WILLIAM Morris, a leader in the arts and crafts movement in the 1860s once pointed out that “old buildings do not belong to us only; that they have belonged to our forefathers, and they will belong to our descendants unless we play them false. … We are only trustees for those that come after us.”

It’s obvious that the Belmont County commissioners with the help of other individuals and organizations such as the Belmont County Tourism Council and grant funding have managed to save an historic county building dating from approximately 1890 — the former sheriff’s residence.

The commissioners recently were honored by Project Best for their efforts to renovate the building.

WHEN the structure no longer was used years ago, controversy raged about whether it should be preserved. Money, of course, was a problem, but funding efforts have been successful in recent years.

The St. Clairsville Board of Architectural Review was among those favoring the renovation.

When Tom Murphy, planning and zoning administrator for St. Clairsville, presented a memorandum of support from the architectural review board to commissioners last February, he pointed out the building when restored held potential for improved economic health, historical and architectural significance.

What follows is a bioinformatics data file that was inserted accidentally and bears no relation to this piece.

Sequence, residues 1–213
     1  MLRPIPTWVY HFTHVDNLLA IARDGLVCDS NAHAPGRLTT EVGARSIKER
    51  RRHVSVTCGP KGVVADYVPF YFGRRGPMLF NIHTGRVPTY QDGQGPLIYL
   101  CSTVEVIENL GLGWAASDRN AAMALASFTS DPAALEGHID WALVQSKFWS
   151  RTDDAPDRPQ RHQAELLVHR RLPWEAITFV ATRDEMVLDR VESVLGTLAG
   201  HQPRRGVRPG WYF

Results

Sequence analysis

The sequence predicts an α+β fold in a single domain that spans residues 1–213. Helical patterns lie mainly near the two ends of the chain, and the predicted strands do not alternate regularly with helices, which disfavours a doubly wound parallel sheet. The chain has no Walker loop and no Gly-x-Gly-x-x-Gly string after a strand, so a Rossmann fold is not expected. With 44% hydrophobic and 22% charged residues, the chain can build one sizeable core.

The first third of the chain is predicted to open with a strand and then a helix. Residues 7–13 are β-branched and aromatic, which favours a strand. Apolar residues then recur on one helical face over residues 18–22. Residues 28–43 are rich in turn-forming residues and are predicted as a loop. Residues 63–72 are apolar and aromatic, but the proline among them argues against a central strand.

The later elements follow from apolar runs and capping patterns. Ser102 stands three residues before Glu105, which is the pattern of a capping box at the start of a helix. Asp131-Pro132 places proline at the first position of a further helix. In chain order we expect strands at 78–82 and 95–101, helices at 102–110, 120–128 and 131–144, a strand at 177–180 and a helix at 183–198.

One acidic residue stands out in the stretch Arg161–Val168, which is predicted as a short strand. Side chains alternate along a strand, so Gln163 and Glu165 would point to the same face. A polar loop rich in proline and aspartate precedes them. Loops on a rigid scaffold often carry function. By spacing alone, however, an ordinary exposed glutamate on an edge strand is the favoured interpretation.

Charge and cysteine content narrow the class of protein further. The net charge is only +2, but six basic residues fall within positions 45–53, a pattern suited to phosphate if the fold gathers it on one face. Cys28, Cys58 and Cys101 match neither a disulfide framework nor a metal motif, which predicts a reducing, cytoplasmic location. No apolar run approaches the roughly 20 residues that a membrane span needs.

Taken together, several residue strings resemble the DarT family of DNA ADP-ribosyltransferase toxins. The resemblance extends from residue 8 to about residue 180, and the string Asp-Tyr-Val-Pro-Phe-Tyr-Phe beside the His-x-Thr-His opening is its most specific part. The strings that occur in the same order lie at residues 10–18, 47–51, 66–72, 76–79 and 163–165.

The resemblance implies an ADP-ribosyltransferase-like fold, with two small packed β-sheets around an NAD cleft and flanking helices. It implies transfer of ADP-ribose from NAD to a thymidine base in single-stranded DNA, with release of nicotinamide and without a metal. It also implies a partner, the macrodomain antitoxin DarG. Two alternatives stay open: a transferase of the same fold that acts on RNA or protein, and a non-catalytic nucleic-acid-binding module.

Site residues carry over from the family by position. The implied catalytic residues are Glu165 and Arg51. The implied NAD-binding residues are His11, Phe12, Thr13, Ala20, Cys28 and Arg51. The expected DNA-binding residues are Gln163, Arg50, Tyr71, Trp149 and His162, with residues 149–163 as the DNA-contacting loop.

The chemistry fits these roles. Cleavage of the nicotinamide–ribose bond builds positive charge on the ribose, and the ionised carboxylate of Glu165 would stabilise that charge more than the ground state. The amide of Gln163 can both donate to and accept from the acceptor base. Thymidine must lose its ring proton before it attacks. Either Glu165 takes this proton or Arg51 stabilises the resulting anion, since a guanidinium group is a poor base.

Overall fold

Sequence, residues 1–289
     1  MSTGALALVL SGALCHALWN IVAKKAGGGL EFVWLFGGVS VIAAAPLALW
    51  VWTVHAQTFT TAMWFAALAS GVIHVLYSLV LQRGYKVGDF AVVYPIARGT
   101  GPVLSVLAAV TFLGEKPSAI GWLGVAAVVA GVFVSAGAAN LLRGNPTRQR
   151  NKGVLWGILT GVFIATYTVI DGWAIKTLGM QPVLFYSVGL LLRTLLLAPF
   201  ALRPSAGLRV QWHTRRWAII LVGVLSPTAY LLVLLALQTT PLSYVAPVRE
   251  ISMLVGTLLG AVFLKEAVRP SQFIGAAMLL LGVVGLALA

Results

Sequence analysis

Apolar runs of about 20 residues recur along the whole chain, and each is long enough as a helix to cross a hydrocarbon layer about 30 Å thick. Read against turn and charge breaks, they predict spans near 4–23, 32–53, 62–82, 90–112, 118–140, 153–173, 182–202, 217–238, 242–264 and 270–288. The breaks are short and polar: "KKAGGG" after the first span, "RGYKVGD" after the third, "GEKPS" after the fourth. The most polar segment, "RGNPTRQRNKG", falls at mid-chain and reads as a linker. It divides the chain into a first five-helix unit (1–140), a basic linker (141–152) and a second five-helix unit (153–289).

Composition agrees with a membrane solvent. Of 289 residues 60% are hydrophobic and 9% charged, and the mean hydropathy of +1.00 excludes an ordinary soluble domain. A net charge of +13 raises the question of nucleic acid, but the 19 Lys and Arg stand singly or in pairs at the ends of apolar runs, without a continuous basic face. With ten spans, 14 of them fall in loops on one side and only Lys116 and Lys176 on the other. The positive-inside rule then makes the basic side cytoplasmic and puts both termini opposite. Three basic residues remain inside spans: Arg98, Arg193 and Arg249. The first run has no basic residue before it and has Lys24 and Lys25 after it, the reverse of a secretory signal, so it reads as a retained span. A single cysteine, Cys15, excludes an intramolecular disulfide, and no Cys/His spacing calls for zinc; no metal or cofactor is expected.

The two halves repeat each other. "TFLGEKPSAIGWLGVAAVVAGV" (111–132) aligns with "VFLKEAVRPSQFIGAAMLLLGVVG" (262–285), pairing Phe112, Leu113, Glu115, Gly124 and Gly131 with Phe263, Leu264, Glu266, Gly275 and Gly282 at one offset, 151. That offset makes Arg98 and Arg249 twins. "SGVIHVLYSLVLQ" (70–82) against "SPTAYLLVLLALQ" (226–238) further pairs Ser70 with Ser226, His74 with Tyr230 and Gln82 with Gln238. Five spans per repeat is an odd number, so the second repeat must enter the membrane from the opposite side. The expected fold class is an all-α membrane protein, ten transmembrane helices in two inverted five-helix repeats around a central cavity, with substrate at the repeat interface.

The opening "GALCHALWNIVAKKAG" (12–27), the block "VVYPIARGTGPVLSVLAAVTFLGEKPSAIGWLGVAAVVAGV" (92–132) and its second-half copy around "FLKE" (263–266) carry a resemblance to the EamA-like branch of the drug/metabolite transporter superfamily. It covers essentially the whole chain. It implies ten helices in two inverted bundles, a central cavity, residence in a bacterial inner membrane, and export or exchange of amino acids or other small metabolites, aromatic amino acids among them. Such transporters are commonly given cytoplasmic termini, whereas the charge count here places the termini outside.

Other officials also voiced their support for the work.

According to plans, the Belmont County Tourism Council, which helped with funding for the project, will be housed in the building, which is important for future use for a variety of purposes.

THE BUILDING is in keeping with its surroundings on the historic National Road.

The Belmont County Courthouse, the former jail and the former residence all were designed by Joseph Warren Yost, an architect born in Clarington in 1847.

He also provided a design for a Franklin College building constructed in 1900 in New Athens. After the college ceased operations, that building was used as a school and now is the Franklin Museum.

Known for his architectural work on several courthouses as well as other public buildings in Ohio and West Virginia, Yost also designed Orton Hall at The Ohio State University.

PRESERVATION of the Belmont County building not only focuses on our history but also looks to the future.